University of Salford Manchester

Problem gambling in Asian communities neglected, says academic paper

Monday 20 February 2012
Professor David Forrest
Professor David Forrest
Asian gamblers are significantly more likely to have a gambling problem than their white counterparts, and are less able to access support and advice to help them, according to research by academics from the University of Salford and NatCen Social Research.

In their paper Gambling in Asian Communities in Great Britain, David Forrest, Professor of Economics at the University of Salford Business School, and Heather Wardle, Research Director at NatCen, reported that, while only around 49% of Asian males had gambled in the last year, compared to 75% of white males, the prevalence of problem gambling among Asian men who had taken part in gambling was more than double that for white men who had gambled, at approximately 3.4% and 1.6% respectively.

In fact, this made the proportion of Asian males classified as problem gamblers higher than the proportion of white males classified as problem gamblers even though far fewer gamble.

For women, the pattern was even more marked. Again, although a much lower proportion of Asian women (33%) had gambled in the previous year in comparison with white women (71%), the prevalence of problem gambling was still much higher: 1.3% of all Asian females were problem gamblers, compared with only 0.2% of white females.

Among children aged 11-15 years the same pattern emerged again. In the sample of 9,000 young people, participation in gambling was less common for Asians. But those Asians who did gamble were extraordinarily likely to be experiencing gambling-related problems, with nearly 19% of them classified as a problem gambler. This was so high that the prevalence rate of problem gambling amongst all Asian youths was, at 2.9%, far higher than that for white people in this age group.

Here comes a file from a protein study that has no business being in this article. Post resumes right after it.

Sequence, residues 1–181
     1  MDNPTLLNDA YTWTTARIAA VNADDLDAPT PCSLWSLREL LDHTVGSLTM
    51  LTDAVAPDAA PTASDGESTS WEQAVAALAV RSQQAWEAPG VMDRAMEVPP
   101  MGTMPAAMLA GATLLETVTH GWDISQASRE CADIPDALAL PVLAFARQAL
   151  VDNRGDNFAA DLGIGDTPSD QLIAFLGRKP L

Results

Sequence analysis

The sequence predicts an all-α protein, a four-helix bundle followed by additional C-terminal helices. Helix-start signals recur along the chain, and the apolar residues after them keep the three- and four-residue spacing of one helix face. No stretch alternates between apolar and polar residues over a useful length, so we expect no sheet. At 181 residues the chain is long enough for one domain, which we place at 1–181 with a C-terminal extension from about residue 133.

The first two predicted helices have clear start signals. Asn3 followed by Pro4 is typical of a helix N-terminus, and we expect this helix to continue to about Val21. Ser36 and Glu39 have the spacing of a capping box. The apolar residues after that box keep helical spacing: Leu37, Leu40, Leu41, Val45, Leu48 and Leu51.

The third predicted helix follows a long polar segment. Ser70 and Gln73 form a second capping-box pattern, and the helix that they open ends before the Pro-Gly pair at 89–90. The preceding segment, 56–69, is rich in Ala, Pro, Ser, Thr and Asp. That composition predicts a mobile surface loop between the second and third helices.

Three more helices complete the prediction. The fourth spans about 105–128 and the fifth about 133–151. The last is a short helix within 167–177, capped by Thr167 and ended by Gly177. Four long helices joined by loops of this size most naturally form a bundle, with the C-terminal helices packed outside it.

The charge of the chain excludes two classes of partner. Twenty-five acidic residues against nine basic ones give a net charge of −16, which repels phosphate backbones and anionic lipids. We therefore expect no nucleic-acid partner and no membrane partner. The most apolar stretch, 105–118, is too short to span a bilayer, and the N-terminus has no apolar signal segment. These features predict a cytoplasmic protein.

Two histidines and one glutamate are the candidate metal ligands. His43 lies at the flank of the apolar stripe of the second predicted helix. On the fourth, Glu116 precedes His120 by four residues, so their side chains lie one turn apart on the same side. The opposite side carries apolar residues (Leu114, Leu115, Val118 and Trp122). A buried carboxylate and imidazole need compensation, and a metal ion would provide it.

Several surveys have confirmed that Asian attitudes to gambling are more negative than those in white communities, and Professor Forrest believes that this could be one of the reasons why the incidence of problem gambling is higher in the Asian population.

“There is a much greater stigma attached to gambling in the Asian community compared to the white community,” he said. “While gambling can be performed relatively casually by white people, Asian gamblers need to be more committed to their pursuit in the first instance, so those who gamble have already overcome a significant barrier. This means that, as a group, they are much more likely to be people driven to gambling and, therefore, more likely to develop a gambling problem or addiction.”

Professor Forrest also suggests that Asian cultural negativity towards gambling could result in fewer opportunities for gamblers to get support to tackle any problems. “As gambling in the white population is well entrenched and relatively little stigmatised, there is likely to be more informal advice and support for those whose behaviour may become problematic,” he explained.

“Yet, as participation in gambling is much less common among Asian people, the community as a whole is less likely to have knowledge or experience of it and is therefore not well-equipped to recognise the signs of potential problem gambling, or to know how to address them.”

The paper also argues that provision of education, information and treatment services for these communities may be inadequate. Concluded Professor Forrest: “There is perhaps a need for agencies involved in tackling gambling addiction and problem gambling to look at improving access to services for Asian people. This could include provision of information in Asian languages and a more proactive approach to reaching communities where prevalence may be high.”